About the poet
Writing in his 1990s study of Alasdair Gray’s novels, Stephen Bernstein identifies Gray as “one...
To Andrew, Before One
He holds a spoon, certain of what he holds:
nothing more solid-certain than his spoon:
fat clenching fist and hard thing clenched, the same:
no separation between noun and noun.
He waves the spoon, certain of what he waves:
lost in the rhythm of the waving weight
the small face is remote and yet intent:
to feel, think, dream and do are all the same:
no separation between verb and verb.
He drinks his mother: sweetness is a tree
whose branches swing and feed him:
no separation between noun and verb.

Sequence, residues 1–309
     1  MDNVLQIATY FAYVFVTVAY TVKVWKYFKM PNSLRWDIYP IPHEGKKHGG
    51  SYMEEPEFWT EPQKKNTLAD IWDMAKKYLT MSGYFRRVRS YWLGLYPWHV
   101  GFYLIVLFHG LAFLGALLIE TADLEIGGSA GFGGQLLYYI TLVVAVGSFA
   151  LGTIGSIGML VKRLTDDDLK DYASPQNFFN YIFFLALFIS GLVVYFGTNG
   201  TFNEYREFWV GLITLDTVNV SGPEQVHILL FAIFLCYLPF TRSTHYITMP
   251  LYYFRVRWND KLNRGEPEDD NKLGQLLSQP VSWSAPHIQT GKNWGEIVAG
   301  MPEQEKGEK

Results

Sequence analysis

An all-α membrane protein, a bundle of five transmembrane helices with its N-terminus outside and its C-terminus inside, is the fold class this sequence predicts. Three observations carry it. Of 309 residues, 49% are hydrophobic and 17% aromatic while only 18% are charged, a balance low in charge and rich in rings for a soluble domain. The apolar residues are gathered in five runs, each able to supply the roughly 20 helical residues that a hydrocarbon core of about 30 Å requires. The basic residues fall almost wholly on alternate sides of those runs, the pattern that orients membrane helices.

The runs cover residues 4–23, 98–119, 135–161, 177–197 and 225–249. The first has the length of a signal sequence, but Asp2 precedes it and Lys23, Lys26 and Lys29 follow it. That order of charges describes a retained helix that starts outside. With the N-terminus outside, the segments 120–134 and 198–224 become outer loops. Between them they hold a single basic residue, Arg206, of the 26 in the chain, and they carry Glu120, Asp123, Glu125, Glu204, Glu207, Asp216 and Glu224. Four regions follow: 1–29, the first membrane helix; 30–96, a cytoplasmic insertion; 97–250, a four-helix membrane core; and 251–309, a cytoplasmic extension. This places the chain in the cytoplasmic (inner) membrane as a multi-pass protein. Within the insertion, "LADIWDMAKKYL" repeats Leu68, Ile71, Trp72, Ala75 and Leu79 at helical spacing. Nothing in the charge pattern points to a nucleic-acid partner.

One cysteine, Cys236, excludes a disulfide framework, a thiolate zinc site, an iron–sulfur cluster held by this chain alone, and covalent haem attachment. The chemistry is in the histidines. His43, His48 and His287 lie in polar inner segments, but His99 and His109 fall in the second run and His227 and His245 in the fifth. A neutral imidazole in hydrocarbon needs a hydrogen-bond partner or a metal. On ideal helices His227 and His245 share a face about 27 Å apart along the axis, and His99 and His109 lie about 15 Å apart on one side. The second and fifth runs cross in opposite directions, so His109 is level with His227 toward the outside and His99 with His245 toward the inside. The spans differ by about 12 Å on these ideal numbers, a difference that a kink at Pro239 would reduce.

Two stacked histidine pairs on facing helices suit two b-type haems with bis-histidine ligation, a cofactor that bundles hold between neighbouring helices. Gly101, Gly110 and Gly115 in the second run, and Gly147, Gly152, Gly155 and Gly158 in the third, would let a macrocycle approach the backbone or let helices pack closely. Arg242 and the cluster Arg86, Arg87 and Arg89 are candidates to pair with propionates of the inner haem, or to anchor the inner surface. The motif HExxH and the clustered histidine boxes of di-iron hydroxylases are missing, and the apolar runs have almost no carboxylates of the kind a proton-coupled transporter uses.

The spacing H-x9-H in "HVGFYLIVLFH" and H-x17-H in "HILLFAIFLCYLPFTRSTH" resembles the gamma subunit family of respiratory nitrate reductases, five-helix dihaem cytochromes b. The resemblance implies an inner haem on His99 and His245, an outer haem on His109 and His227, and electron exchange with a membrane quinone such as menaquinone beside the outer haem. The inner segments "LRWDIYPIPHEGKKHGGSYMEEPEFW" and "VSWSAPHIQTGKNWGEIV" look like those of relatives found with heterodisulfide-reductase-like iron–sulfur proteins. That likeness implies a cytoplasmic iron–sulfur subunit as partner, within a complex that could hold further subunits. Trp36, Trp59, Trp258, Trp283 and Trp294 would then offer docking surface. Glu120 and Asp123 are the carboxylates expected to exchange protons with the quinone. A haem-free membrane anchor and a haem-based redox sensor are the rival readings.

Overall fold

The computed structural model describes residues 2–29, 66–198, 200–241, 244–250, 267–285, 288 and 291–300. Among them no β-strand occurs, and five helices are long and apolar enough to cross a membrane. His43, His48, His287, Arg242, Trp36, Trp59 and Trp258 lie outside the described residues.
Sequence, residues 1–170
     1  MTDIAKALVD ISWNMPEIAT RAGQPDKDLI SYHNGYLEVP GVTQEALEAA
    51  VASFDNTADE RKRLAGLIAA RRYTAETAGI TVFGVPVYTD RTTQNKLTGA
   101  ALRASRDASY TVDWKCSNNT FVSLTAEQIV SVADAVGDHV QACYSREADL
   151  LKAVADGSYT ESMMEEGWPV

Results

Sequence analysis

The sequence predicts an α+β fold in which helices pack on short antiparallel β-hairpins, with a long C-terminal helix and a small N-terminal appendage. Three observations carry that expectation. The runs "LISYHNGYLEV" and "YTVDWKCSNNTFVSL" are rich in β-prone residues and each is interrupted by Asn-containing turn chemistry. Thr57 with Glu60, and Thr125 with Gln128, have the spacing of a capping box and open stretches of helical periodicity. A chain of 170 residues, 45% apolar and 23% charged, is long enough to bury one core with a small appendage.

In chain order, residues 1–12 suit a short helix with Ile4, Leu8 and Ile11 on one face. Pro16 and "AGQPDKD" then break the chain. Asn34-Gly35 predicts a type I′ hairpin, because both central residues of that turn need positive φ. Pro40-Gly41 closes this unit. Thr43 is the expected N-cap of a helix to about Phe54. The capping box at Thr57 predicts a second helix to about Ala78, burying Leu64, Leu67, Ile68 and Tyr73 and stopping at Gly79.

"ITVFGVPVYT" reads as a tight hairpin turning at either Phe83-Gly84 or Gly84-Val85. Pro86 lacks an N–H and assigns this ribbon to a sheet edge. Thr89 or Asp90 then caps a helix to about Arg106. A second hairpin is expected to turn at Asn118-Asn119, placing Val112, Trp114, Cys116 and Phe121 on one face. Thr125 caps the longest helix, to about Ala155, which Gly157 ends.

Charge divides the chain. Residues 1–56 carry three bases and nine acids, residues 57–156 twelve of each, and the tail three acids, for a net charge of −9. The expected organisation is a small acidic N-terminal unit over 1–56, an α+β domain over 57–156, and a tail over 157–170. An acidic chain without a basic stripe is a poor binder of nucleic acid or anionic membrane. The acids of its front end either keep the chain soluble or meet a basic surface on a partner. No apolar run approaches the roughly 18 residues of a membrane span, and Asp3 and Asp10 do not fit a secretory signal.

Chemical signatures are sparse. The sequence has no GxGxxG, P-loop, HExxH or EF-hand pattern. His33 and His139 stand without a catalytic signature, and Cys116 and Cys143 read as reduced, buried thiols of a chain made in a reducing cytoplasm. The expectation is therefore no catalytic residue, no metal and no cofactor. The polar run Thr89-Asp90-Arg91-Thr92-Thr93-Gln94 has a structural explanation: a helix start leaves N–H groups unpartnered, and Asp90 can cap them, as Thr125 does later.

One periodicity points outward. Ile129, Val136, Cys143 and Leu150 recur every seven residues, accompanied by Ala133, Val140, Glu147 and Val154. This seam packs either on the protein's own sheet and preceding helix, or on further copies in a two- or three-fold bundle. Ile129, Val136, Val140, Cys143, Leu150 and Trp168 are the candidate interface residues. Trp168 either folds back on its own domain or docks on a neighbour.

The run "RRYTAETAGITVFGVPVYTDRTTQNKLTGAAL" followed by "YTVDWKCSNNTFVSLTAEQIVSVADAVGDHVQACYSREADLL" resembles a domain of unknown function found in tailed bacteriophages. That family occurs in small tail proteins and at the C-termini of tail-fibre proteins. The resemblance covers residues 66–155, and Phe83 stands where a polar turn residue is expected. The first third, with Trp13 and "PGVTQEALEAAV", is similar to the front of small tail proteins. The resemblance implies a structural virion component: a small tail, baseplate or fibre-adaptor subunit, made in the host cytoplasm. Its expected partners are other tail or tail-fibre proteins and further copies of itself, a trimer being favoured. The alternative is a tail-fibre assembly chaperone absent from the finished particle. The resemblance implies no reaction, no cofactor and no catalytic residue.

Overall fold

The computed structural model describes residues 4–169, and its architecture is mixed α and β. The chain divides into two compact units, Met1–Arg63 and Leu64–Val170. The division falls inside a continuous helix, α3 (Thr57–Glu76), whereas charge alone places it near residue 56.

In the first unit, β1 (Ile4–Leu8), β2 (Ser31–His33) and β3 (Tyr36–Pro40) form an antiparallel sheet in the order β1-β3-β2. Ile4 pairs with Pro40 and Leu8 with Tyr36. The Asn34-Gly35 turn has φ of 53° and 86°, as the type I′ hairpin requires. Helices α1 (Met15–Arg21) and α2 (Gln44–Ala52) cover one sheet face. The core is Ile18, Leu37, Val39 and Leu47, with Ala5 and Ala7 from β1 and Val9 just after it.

“You shall not” makes him known he is not God,
dividing think from feel and dream from do,
creating adjectives like good and bad,
pronouns like you and me and mine and those,
till home is a place minced into tiny words,
the spoon a perilous thing no longer his
and food the bait of an enormous trap
he hardly will accept as universe.
from Old Negatives: Four Verse Sequences (Cape, 1989), © Alasdair Gray 1989, used by permission of the author
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